He said, “Yes. You have them. Do it.”

So I am. And guess what? I’m scared, and I don’t have all the details figured out, and whenever I sit down to try to make a plan so that I’ll feel better, I feel as though the Holy Spirit is saying to me, “Trust me.”

I have no plan.

But I said yes. We start this coming Sunday. Oh, mercy.

The strange thing is that while I occasionally feel like vomiting out of sheer nervousness, I also feel very exhilarated at the same time. I have no idea what will happen. Scary! I have no idea what will happen. Awesome! There will be tons of room for the Holy Spirit to move in and teach me a thing or two.

Should be interesting.

I’ve learned one thing already, so I’m ahead – I said “yes” this time.

What do you need to say “yes” to, before you think yourself out of obeying God?!

Say Yes.

Well, today is the big day.

I’m packing my bags, and heading off to Camp Cedarwood to spend the weekend with the ladies of Ridgewood EMC.

tree branch

Many months ago, a lady from their retreat committee sent me an email, asking if I was “available, and capable of deep spiritual teaching”.

My word. It was the “capable” part which undid me. My stomach did some kind of weird lurching thing as I read that email, and my immediate reaction was something along the lines of, “Capable??! Nope!!!”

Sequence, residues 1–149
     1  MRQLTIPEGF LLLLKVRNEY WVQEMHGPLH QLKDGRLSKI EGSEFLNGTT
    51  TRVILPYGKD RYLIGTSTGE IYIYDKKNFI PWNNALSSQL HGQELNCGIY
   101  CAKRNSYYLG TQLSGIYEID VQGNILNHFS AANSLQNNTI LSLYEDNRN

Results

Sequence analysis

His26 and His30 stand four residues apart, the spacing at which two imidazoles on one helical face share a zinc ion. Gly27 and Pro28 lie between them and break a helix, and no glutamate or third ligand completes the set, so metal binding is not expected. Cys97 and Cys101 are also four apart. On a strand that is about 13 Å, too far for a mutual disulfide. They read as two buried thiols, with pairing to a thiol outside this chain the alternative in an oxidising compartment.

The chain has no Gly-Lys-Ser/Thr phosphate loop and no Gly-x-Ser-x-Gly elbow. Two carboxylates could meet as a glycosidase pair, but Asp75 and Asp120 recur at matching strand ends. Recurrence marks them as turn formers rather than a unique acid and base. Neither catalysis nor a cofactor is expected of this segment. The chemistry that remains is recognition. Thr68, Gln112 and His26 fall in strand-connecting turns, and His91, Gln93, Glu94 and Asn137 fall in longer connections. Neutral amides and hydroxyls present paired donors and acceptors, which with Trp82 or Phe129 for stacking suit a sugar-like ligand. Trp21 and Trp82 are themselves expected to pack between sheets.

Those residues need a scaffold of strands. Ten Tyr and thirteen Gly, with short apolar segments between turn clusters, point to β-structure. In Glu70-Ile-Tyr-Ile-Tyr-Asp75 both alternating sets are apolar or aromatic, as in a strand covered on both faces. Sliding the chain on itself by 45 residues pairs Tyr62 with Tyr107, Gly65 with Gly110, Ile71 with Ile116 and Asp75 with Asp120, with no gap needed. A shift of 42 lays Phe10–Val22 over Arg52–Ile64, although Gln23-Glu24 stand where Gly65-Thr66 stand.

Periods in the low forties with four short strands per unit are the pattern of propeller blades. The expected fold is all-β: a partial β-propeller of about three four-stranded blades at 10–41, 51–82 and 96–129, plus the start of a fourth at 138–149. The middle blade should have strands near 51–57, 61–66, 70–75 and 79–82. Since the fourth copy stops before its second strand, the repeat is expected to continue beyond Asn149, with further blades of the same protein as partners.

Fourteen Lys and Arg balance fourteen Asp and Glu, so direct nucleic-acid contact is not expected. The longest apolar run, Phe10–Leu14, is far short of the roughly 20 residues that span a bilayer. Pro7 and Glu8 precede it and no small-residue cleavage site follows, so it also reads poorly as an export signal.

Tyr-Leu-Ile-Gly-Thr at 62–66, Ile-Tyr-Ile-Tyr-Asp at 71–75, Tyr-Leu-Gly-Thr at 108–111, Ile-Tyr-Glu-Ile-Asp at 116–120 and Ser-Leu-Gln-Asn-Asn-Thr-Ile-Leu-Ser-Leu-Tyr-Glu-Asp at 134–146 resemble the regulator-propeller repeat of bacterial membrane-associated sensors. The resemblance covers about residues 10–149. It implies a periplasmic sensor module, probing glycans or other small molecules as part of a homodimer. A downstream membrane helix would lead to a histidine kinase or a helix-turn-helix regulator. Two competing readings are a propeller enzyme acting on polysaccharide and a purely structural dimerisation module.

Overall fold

I fully intended to turn down the opportunity. I’ve spoken publicly many times before, but the words “deep spiritual teaching” were a bit too intimidating, and I could immediately think of a number of other women who could do a much better job.

I sent a polite email back, suggesting we talk on the phone the next day, but I intended to say no.

The next morning, I was reading my Bible, and stumbled across a verse which said,

“Do not fear disgrace…”

And I thought, “That’s EXACTLY what I fear!”

A few verses down, it said,

“You will not be disgraced.”

It was for me. I own it now. You know how that is? When the Holy Spirit just jumps off the page at you, and you know those words are meant for you?

And I wondered if it could really be true….No disgrace?

My phone call came, and I think I still kinda wanted to say no, but the Holy Spirit must have been speaking on the other end too, because this lady I had never met said everything I needed to hear, and I knew this was a God-thing.

I still don’t feel deep. Or capable.

But I feel like God is leading, and for some reason, He wants me to do this, so I will go with a “yes” in my heart.

Yet again, Bob Goff sums it up for me:

Am I the right guy? I don’t know, but I’m the guy being asked, and the last thing I want to do is miss an opportunity or make God mad, so I just keep saying yes. Maybe God is doing some inexplicable things in your life. Each of us gets to decide every time whether to lean in or step back – to say yes, ignore it, or tell God why He has the wrong person….We were all meant to save many lives. God is always trying to save lives, and it seems like He usually uses the least likely people to do it.

Have you ever felt unqualified? Afraid? Incapable?

Say yes! You don’t want to miss anything!!

(Ben and I talked about whether I should wait to post this after the weekend – first find out if I’ll be disgraced or not!! Then we decided that honesty and transparency is a good and beautiful thing, so I’m laying it all out there! I’ll let you know how it went on Monday!)